So you took the step of getting married, saying “I will” or “I do” to your partner, ‘til death do you part. You love your partner. But there is trouble in paradise…
First Baby Coming Home…
You both wanted this baby. You love your baby. But you hadn’t anticipated that with your spouse, you would…
- Feel left out, that your spouse is so focused on the baby that they don’t feel like a spouse any more…
- Feel disrespected, that your spouse would insist on a different last name than you were expecting, or a different religion when they know how important family religion is in your family of origin, or a different language that you don’t understand…
- Feel so afraid, that they could have died in child-birth. You can’t lose that panicky feeling that they could die at any time, in a car accident, from an infection, from a crime, and you cannot bear that thought. You feel silly, so you can’t tell them that.
- Feel so angry at post-partum depression. So angry with yourself for feeling angry. You know your spouse is suffering, and it is not their fault; but you can’t help it, you just want to shake them and say “don’t you see all the gifts we have received in this baby??? Isn’t this what you wanted???”
- Be so impatient with your spouse, and with the baby. And the more impatient you get, the harder it is to contain your irritation and growing anger at… ? You can’t get a decent night’s sleep. It is unspeakable to feel this way, so you stuff it down and depression starts to take hold.
- Feel so terribly afraid for the baby. The baby has an abnormality that you really doubt you are up to dealing with. You can’t stand the thought of letting down the baby, your spouse, and perhaps God. Or maybe God is punishing you. The pain is unspeakable, so you hold it in. Your spouse feels alone with their sleeplessness, their fear, and now the loss of your warmth. This is untenable…
If any of these situations sound like you, please reach out for support from a professional Vancouver Marriage Therapist. Ask Ros Best to help you to tell your spouse your deepest fears, hopes, needs, and to reconnect with theirs as well, and figure out together how you will handle the complexities of life as this new family.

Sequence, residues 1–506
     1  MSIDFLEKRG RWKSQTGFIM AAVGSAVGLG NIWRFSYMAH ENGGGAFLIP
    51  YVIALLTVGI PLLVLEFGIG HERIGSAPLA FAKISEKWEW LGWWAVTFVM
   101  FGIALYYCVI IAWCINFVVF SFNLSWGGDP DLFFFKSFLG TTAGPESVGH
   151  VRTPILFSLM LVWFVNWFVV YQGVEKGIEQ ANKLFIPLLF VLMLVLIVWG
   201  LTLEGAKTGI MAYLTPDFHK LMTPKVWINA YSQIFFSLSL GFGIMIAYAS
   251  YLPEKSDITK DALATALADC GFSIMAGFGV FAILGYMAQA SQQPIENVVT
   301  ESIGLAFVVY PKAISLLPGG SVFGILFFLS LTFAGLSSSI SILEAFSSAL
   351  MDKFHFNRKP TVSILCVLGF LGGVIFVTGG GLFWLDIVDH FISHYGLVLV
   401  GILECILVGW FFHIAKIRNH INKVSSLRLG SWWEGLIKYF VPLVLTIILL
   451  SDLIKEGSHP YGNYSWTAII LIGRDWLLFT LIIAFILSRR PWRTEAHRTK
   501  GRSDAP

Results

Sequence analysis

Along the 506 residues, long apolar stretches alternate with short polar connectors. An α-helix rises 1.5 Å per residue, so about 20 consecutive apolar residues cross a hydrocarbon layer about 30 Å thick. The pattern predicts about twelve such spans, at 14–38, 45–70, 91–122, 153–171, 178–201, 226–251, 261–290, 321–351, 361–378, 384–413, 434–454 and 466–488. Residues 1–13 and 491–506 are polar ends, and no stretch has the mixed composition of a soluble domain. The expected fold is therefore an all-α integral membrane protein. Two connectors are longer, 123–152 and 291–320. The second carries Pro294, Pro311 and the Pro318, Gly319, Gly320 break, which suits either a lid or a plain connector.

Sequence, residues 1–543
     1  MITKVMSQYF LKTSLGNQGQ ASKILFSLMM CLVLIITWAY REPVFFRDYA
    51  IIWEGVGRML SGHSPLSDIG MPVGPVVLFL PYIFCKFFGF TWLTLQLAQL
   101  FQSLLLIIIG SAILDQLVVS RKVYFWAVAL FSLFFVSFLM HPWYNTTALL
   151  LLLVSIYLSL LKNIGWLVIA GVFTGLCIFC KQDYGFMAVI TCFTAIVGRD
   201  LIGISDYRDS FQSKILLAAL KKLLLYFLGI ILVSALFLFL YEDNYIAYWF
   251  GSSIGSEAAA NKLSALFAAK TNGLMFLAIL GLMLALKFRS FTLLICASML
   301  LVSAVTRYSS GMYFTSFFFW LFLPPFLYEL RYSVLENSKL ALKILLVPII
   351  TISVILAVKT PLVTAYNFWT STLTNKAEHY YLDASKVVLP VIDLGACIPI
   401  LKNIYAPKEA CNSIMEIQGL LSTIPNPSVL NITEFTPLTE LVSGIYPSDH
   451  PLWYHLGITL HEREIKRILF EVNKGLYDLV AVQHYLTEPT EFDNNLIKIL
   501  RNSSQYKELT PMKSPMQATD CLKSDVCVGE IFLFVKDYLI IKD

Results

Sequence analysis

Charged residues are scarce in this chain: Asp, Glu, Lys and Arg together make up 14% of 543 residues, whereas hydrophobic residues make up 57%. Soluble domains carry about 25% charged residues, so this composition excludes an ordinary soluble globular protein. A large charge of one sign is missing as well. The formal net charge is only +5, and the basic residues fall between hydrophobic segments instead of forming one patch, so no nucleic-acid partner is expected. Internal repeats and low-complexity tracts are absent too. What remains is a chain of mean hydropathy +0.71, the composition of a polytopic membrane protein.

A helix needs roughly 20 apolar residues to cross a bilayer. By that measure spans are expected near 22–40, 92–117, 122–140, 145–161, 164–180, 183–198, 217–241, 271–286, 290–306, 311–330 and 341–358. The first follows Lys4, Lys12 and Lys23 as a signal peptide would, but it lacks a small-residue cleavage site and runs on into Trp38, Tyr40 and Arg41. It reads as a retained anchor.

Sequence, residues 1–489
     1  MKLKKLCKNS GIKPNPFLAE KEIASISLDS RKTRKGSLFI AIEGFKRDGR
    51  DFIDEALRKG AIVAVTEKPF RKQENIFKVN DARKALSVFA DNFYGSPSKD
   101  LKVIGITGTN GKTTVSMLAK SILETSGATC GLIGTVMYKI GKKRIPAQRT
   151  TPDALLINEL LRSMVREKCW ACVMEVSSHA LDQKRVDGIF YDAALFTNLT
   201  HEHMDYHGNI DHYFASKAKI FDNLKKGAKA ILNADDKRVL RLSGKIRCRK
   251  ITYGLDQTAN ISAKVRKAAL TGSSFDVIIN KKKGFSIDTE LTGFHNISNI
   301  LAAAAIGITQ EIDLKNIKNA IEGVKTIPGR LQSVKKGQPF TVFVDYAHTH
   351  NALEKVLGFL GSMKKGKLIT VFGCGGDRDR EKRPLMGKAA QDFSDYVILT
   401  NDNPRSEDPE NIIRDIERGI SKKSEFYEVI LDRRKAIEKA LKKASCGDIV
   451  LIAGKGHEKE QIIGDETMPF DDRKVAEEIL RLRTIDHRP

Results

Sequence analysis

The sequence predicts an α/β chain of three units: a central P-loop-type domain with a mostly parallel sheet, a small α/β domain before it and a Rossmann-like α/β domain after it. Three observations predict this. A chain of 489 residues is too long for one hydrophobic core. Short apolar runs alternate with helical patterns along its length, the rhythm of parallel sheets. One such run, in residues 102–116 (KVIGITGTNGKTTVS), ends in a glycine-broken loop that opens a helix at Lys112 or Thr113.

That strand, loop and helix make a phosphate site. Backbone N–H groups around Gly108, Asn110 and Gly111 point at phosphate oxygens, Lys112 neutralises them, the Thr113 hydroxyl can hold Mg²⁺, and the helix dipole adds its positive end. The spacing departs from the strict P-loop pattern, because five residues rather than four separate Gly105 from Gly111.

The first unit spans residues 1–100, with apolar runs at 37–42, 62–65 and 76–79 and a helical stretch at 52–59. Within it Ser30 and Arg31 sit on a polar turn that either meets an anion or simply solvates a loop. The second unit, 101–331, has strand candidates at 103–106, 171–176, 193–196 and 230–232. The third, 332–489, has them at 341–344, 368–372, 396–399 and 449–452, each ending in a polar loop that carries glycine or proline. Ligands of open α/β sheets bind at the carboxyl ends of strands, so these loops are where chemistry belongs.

There’s Been an Affair. Now What?
An affair. You never thought this would happen to you.
Current research is clear: an affair does not have to mean the end of your marriage, nor putting up with a dead marriage now that the damage is done.
An affair can be anything that you keep secret from your spouse, that is damaging to the bond between you and your spouse. Specifically, an affair can be:
- physical and sexual
- sexual without actual touching (phone sex, cyber-sex, sexting)
- emotional (having intimate, confiding conversations with someone else, so that in some ways you feel closer to them than to your spouse)
- with an addiction (gambling, drugs, alcohol, pornography, etc.)
Relationships are a dance. One person stepped out of the dance with their spouse. For there to be marriage therapy, the affair must be terminated. Then comes the work of figuring out prompted the affair. Too often, one spouse was so busy with the new baby, a new job, care-giving for their elderly parent(s), that they had ceased to be emotionally available and bonded to the spouse who sought to feel better with the affair. Of course, there are lots of other possible influences, such as low self-esteem, poor impulse control, seeking more sexual release than was available with the spouse, and so on.
Bottom line? Trust must be re-established. Forgiveness sought. And the root cause – the weak bond between spouses – must be addressed. This is tricky enough that most couples will seek professional marriage therapy. I would recommend seeking a therapist trained in a strongly evidence-based approach such as Emotionally Focused Therapy or the Gottman Method Couples Counselling.
How to Navigate Job Loss or Renoviction
The best way to navigate any rough news is to navigate it together. Turn towards your spouse, tell them how you feel, ask them how they feel, before you get to “how we are going to solve this one”.